Folders for Windows Phone, a homebrew development Project by WPHacker, has been taken to the next level. First reported in October, Folders hack for Windows Phone initially allowed you to create on device folders or groups with each group consisting of numerous applications and finally you can pin any group to the home screen. Sounds perfect, right? Right but there was a catch. You had to deploy applications via a software on your PC. Cumbersome, yes. But now there’s been a breakthrough. You no longer need a software to deploy applications. You can now add both system apps and marketplace apps on the device from the application itself. Homebrew apps cannot be added at the moment. I haven’t had a chance to play with the new build, yet. Watch the video below to see the application in action:
I am gradually getting firm in my belief that the Windows Phone platform is being harmed in the blogosphere more by its overzealous fans and their penchant for jumping to conclusions rather than its detractors. The recent case of Microsoft discontinuing the “Where’s My Phone Update?” guidance was one such non issue where bloggers jumped to make a mountain of a mole hill. And now a passing remark by Paul Thurrott, about Tango being one of the reasons for the discontinued guidance, is being blown out of proportion. Its almost comical how blogs raise the fragmentation flag at the drop of the hat and the commenteratti then go on to question the relevance of Tango, WP and sometimes Paul Thurrot himself.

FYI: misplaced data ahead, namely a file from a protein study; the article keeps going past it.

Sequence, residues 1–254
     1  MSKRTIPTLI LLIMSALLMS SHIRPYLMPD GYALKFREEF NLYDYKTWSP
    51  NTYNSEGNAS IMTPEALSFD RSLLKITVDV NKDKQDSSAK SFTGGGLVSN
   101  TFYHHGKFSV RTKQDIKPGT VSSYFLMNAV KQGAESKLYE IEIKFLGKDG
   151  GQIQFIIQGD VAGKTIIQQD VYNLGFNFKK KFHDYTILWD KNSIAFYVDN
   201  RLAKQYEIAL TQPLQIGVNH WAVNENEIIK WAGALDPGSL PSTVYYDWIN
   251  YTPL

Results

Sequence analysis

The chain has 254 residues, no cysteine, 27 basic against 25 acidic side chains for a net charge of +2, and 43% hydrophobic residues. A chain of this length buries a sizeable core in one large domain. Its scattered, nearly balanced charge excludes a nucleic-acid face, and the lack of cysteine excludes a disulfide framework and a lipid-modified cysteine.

For anyone who has been following various reports/news about the Tango updates, it should have been easy to understand that the basic purpose of Tango is to make Windows Phones relevant and useful in emerging markets. If that be so, then why would the already ‘emerged’ markets need the Tango updates at all? Another often bandied report is that Tango would enable WP OS to run on lower spec hardware, a feature being developed specially for Nokia. If that be so, then why would the existing ‘higher spec’ phones need the Tango updates? There could be features in Tango to make Microsoft and Nokia services work on typically slower data speeds in emerging markets. If that be so, then why would handsets in countries with deep 3G/4G penetration need Tango?
Logical analysis of the Tango news indeed reveals that Tango updates are being developed to prevent fragmentation, rather than cause it. Imagine what a fragmented hell it would have been if Microsoft had made a different lower spec OS for emerging markets at the behest of Nokia. It would have probably been easier and faster too. Instead, Microsoft seems to have taken the high road to retain similar functionality between different hardware, different regions/cultures, different infrastructure and even different languages (ask bilingual users of Windows Phones how seamlessly they can switch between languages without any drop in functionality, specially languages that use fundamentally different scripts).
The issue of language however raises another question, as one of the two Tango updates is reportedly aimed at providing support for languages like Hebrew, Arabic and maybe Persian & Hindi. It may be assumed that this update is being developed separately as Microsoft intends to make this available to even existing markets/handsets.